Calculates the friction of movement for a Dobsonian telescope

Distance from eyepiece to center of gravity or tube's pivot point =
Weight that the azimuth bearing carries =
Weight that the altitude bearing carries =
Azimuth bearing radius =
Altitude bearing radius =
Altitude bearing angle from vertical =
Altitude angle up from the horizon =
Azimuth coefficient of friction =
Altitude coefficient of friction =

The calculated azimuth axis friction is
The calculated altitude axis friction is


Calculates the friction of movement for a Dobsonian telescope.

An essential feature of John Dobson's telescope design is that the telescope moves smoothly and precisely about the sky, staying put once the operator let's go. There is no clamping or locking down. Tracking an object across the sky consists of periodic adjustments by pushing the scope very small distances while looking through the eyepiece. His design depends on an interesting property of Teflon on pebbly Formica, namely that the friction of movement is about the same as the friction that begins a movement. In other words, the dynamic friction equals static friction. Most materials stick worse than they move, leading to jerky motions.

The force to move the telescope should not be so great as to demand a great deal of effort, particularly when making very tiny high magnification adjustments by hand, nor should the force be so slight that wind can move the telescope. Ideally the force in both azimuth and altitude axes is roughly the same so that the axes 'disappear' as the scope is moved to and fro.

Since the force to move the scope in azimuth increases as the scope is pointed upward, the ability to vary the pointing angle is included. The default angle is 45 degrees or halfway up the sky. You can vary this to see how the friction decreases when the scope is pointed horizontally and increases dramatically when the scope is pointed nearly vertical. The key here is to have a favorable static to dynamic friction ratio where the friction to begin the movement is about the same as the friction to continue the movement.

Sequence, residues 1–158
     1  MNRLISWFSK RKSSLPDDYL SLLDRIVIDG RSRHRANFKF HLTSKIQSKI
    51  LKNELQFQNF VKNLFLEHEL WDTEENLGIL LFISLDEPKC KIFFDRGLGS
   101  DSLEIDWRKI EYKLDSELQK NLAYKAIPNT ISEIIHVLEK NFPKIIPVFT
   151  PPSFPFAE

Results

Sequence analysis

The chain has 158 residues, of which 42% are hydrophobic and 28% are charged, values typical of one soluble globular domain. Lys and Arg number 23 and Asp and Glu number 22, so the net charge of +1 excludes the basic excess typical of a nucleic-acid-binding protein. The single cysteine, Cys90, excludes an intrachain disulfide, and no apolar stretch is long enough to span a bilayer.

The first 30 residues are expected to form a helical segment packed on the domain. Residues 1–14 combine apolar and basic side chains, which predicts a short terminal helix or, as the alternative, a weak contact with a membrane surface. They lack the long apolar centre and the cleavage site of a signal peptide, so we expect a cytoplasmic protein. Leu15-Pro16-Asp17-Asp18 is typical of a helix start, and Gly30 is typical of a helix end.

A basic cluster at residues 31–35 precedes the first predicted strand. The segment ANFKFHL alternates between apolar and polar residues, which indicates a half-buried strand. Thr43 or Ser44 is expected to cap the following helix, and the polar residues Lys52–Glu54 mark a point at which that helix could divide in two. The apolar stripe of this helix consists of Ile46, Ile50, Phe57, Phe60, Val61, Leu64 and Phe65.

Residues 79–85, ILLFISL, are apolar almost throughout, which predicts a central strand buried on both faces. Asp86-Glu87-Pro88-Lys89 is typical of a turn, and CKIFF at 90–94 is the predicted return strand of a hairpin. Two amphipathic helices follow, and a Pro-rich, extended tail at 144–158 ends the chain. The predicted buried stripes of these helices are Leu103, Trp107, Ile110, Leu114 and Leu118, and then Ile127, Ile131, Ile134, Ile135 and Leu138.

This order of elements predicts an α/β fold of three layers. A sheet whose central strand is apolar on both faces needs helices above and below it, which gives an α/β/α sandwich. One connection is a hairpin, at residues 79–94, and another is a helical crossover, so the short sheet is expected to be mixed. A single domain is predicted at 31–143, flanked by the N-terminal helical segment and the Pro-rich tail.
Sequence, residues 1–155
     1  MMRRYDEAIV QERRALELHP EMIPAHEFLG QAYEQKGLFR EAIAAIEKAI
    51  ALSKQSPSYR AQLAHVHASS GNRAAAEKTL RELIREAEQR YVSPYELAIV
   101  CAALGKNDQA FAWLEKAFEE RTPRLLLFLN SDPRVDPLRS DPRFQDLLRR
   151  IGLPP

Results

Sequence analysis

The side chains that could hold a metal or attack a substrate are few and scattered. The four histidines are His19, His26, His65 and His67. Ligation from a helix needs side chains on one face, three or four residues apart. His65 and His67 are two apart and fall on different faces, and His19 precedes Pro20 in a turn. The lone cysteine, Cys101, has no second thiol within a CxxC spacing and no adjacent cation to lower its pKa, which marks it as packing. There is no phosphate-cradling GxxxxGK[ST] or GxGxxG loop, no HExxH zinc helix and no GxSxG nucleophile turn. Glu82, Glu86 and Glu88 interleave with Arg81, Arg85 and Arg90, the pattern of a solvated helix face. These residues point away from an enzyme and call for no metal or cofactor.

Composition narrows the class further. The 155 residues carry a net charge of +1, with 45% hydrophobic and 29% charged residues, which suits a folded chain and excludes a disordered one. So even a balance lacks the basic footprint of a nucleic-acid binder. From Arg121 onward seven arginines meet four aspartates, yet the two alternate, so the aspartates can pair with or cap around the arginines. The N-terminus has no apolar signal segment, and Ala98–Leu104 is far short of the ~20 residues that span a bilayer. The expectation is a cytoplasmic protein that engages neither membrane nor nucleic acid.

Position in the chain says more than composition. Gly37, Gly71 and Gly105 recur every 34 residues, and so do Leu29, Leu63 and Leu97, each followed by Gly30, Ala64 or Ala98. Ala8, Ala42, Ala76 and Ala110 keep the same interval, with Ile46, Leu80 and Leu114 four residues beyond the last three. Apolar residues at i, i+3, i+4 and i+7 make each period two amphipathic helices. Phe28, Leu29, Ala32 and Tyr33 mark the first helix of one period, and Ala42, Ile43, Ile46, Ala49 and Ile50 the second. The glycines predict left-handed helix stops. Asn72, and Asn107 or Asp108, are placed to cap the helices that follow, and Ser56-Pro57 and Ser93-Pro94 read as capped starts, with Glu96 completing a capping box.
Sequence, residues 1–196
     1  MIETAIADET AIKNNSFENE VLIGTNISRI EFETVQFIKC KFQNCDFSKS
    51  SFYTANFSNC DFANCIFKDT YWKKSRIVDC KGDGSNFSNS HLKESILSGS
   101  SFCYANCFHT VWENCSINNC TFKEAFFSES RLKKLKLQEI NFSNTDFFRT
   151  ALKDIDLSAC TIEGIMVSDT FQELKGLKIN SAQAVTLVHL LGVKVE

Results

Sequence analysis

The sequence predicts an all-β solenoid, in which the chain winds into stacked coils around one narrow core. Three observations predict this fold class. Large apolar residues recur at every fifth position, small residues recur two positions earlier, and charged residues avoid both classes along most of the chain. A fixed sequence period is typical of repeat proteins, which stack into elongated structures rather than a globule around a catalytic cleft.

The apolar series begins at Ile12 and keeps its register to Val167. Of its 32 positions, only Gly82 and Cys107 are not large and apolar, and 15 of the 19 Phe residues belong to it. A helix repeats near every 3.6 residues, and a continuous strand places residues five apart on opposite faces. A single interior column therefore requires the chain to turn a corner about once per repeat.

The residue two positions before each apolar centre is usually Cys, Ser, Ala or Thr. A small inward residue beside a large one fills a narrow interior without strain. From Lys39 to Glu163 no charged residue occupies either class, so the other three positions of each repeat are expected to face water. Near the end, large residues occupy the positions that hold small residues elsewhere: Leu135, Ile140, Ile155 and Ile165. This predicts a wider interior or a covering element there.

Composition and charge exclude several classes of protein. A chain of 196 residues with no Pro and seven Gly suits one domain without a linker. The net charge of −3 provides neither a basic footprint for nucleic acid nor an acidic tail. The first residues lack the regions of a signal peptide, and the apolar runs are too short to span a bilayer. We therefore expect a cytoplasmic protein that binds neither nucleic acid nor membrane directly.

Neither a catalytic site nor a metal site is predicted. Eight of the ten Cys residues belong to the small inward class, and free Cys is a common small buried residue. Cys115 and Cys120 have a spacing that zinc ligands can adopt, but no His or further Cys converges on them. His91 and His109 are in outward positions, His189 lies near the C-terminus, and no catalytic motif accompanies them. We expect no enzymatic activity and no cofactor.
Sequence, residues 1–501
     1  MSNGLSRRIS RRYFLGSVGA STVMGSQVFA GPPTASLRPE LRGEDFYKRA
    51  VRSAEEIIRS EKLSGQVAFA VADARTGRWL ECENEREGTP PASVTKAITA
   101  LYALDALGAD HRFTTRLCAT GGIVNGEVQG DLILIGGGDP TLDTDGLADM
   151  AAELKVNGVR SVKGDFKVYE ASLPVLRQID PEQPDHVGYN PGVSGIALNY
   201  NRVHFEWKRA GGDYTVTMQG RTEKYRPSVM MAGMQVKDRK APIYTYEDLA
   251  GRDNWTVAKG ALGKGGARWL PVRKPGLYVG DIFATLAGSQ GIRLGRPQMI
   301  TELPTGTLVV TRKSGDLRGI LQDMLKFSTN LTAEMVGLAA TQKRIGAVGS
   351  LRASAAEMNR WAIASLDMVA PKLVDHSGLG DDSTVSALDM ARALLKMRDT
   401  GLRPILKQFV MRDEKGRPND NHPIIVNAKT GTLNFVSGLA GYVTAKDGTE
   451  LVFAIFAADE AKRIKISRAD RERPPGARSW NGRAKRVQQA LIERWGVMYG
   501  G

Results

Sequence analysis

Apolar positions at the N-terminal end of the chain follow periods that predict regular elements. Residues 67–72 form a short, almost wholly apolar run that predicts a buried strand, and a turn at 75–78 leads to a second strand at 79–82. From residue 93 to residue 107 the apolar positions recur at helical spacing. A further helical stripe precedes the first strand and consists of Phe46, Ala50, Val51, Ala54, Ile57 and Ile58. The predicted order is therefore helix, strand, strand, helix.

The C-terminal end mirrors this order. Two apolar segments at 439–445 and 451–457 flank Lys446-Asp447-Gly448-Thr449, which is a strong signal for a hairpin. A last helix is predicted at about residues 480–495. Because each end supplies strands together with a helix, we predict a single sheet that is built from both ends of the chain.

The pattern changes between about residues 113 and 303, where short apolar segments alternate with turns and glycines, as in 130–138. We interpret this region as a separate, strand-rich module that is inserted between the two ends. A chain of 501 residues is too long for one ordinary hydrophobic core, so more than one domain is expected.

I like a frictional force of two to three pounds (1 to 1.5 kilos). This gives me a smooth and not-too-stiff touch at the upper end of the scope, avoids balancing issues with heavy eyepieces and resists weathervaning from wind gusts.

The altitude friction can be adjusted by varying the bearing angle. The azimuth friction can be adjusted by varying the distance from the pads to the pivot (the azimuth bearing radius) and by varying materials.Bearings can be substituted for one or more of the bearing points with a proportionate reduction in friction. For instance, the azimuth friction can be reduced by two-thirds if two of the three bearing pads are replaced with roller bearings.

The formula and concept is from Richard Berry's article in Telescope Making 8, page 36-.

In the article Berry reports his investigations into frictional coefficients for a variety of materials. Here is his data:

Teflon-Nylon 0.050
Teflon-Formica 0.083
Teflon-aluminum 0.095
Teflon-PVC 0.13
Nylon-aluminum 0.125
Nylon-Formica 0.19
PVC-Formica 0.17
PVC-plywood 0.23
felt-Formica 0.22
felt-aluminum 0.31
plywood-Formica 0.20
plywood-particle board 0.30
metal-oiled leather 0.15

Mel Bartels